When the plants currently living under special grow-lights in the temperature-controlled room begin producing flowers, Mint Dispensary will be one of the first dispensaries to sell product that was grown on site.
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What’s on the menu?
Kristian Johnson, another one of Mint’s chefs, brings previous restaurant experience to the role.
„I love to cook with infused food and the best place to do it legally is here,” she says as she mixes a bowl full of Mexican-inspired street corn with a spatula.
Mint’s kitchen customers can order from a small menu that includes hot options such as a burger, cheese fries, hot wings, pizza and hatch chile-spiked macaroni and cheese. All the menu items are vegetarian. (The burger and hot wings are made with plant-based products.)
Customers can then choose to have their food made with anywhere from 25 milligrams to 1,000 milligrams of THC. Pricing varies according to the amount of THC added to the dish; a pizza dosed with 25 milligrams of THC, for example, costs $12.50, while the same pizza dosed with 1,000 milligrams of THC costs $75.
Baked goods also are available including desserts like cupcakes, cookies, brownies, muffins and a housemade Pop-Tart.
For special events, the chefs always create special menus. For Cinco de Mayo, for example, the menu included street corn and tacos.
Currently sales from the kitchen make up about 10% of the total sales at the dispensary. But Molina says he expects this part of the business to „grow by leaps and bounds.” And there’s been positive feedback from customers.
„Everything 'out there' and crazy is what sells the most,” Molina says. „For the Super Bowl we couldn’t keep up with orders for pizza and wings.”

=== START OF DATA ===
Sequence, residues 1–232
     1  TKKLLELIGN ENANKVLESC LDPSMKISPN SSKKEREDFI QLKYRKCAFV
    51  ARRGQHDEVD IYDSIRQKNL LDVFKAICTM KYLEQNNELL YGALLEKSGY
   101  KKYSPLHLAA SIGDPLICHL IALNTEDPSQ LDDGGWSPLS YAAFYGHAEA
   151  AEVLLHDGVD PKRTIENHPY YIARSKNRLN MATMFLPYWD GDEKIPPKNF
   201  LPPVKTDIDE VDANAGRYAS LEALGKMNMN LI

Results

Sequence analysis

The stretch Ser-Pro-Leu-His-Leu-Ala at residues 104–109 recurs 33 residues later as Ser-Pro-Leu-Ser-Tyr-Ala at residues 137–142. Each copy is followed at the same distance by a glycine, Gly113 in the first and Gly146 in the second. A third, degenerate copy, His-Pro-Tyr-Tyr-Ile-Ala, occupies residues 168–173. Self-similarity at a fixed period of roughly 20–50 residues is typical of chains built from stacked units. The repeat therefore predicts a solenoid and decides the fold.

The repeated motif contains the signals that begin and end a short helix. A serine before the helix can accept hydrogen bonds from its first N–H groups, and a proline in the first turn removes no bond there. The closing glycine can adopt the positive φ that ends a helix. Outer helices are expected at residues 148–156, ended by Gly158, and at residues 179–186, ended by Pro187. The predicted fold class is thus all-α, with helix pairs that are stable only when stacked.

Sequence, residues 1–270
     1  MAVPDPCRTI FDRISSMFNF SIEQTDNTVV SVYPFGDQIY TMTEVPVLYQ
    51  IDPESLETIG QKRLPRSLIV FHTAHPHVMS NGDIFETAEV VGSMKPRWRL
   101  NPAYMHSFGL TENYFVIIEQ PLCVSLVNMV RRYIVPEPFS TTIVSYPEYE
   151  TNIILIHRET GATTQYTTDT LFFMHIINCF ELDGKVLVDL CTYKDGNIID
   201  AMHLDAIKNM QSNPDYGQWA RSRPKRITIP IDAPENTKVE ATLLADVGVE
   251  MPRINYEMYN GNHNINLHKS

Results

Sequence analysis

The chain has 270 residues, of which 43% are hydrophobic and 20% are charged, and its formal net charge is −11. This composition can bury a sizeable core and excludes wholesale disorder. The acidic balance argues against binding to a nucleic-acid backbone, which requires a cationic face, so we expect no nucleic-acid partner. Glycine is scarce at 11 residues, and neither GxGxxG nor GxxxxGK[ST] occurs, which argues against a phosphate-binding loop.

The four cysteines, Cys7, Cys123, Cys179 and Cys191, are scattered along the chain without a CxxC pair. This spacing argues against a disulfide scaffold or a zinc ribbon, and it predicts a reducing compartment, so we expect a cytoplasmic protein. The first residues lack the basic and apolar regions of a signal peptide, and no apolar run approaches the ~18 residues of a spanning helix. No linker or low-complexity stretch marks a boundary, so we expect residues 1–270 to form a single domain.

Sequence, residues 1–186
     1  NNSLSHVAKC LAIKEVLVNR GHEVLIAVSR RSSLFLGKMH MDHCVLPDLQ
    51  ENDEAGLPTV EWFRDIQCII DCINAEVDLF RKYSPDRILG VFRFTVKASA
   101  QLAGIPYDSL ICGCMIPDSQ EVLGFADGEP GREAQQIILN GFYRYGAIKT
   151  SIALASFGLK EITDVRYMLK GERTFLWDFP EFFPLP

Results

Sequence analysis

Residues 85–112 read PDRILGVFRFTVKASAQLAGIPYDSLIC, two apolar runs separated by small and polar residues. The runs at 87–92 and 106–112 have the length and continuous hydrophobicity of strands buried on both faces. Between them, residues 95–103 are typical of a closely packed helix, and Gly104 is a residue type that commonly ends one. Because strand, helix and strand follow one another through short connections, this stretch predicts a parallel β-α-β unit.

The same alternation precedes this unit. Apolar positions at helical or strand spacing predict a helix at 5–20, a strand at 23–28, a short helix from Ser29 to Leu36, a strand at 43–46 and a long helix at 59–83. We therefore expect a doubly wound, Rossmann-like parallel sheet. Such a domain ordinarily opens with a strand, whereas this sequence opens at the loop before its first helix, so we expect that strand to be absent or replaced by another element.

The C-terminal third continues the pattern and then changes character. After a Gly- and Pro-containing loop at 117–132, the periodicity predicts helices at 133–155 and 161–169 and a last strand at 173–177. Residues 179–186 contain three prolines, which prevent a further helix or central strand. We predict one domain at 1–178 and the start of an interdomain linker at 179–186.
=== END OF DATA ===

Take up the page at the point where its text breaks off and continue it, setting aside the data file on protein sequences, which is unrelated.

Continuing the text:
An alternative for non-smoking patients
For customers, the kitchen menu offers a new vehicle for consuming cannabis. And food made fresh to order, Molina says, removes many of the side effects that can prevent people from experiencing the benefits the drug can bring.
„There’s plenty of people what would prefer to have it this way because they can’t smoke,” Molina says.
In addition to those who can’t or choose not to smoke, the kitchen menu features food that’s made to order unlike edibles, which are made to be shelf-stable and often contain preservatives. In comparison, the pastries baked by the Mint kitchen chefs have to be incinerated if they’re not sold within five days of being baked.
Other customers are drawn to the kitchen menu because they’re looking for edibles that aren’t sugary foods or dessert. For these customers, the menu’s savory options including chicken wraps and cannabis-infused calzones mean food can double as medicine.
„Once again, these people are patients,” Molina says.
Reach the reporter at firstname.lastname@example.org. Follow her on Instagram at laurensaria, on Twitter at lhsaria and on Facebook at facebook.com/lsaria.